The breaking news that deposed Libyan leader Moammar Gadhafi has been killed has been spreading across the world this morning (Oct. 20), and like any captivating story, it's likely to spur opportunistic online scammers into action.
According to several reports, Gadhafi died just after 4:00 p.m. (EET) after a violent attack near his hometown of Sirte. His bloodied body was loaded on top of a vehicle and driven to Misrata, where it was surrounded by a crowd chanting, "The blood of the martyrs will not go in vain," The Associated Press reported.
Gruesome video footage on Al Jazeera shows what appears to be Gadhafi's body, either wounded or dead, lying in the street. By all accounts, this video is real, and watching it from Al Jazeera's official website will not harm your computer. But there are sure to be hundreds of fraudulent Web pages popping up that aren't nearly as safe.
Online scammers know that videos and pictures, especially if they're "exclusive," have an amazing power to lure in people desperate for immediate results. Phony Web pages promising never-before-seen videos appeared following the death of Osama Bin Laden, and they are nearly guaranteed to show up now.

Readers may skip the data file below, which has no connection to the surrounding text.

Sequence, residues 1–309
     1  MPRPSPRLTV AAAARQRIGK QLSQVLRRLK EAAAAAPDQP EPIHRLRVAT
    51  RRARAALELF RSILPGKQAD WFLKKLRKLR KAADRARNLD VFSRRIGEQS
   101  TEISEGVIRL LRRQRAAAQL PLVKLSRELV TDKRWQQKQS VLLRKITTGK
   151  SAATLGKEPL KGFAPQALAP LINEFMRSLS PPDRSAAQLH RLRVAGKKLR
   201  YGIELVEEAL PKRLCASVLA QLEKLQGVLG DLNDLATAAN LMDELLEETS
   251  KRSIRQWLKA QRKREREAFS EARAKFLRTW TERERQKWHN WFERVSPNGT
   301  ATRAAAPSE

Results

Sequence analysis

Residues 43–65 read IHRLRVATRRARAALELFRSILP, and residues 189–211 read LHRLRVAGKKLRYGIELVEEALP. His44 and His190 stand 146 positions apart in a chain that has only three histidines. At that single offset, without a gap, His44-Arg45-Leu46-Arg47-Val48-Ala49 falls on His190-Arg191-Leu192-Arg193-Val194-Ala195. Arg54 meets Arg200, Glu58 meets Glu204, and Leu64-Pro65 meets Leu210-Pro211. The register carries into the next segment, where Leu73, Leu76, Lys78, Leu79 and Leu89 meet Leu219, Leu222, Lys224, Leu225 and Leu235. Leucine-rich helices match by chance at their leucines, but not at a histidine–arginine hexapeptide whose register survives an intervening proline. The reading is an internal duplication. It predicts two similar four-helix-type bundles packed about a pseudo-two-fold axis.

The cybercrime technique of SEO poisoning allows crooks to rig search engines to display their malicious Web pages at the top of the results for a particular topic. In this case, searches for "Gadhafi," or "Gadhafi killed," already display close to 6,000 articles and nearly 3 million images. But just because a picture or video is in the top results does not automatically mean it is safe to click. Check the website; if it's a "news" source you've never heard of, avoid it and go instead to a legitimate news website.
The same advice goes for Facebook and Twitter. Pictures and videos of Gadhafi's death are sure to fly around the social networks today, but just because a link comes from a friend, it does not mean it's safe to click. Facebook scams, from ones claiming to have exclusive footage of the Japan tsunami to ones promising something as harmless as free pizza, are almost always set up hijack a person's news feed and spread to that victim's entire list of friends. Again, exercise some restraint: instead of immediately clicking on a link to what could be a video or picture of Gadhafi, pause for a second and go to a reputable source.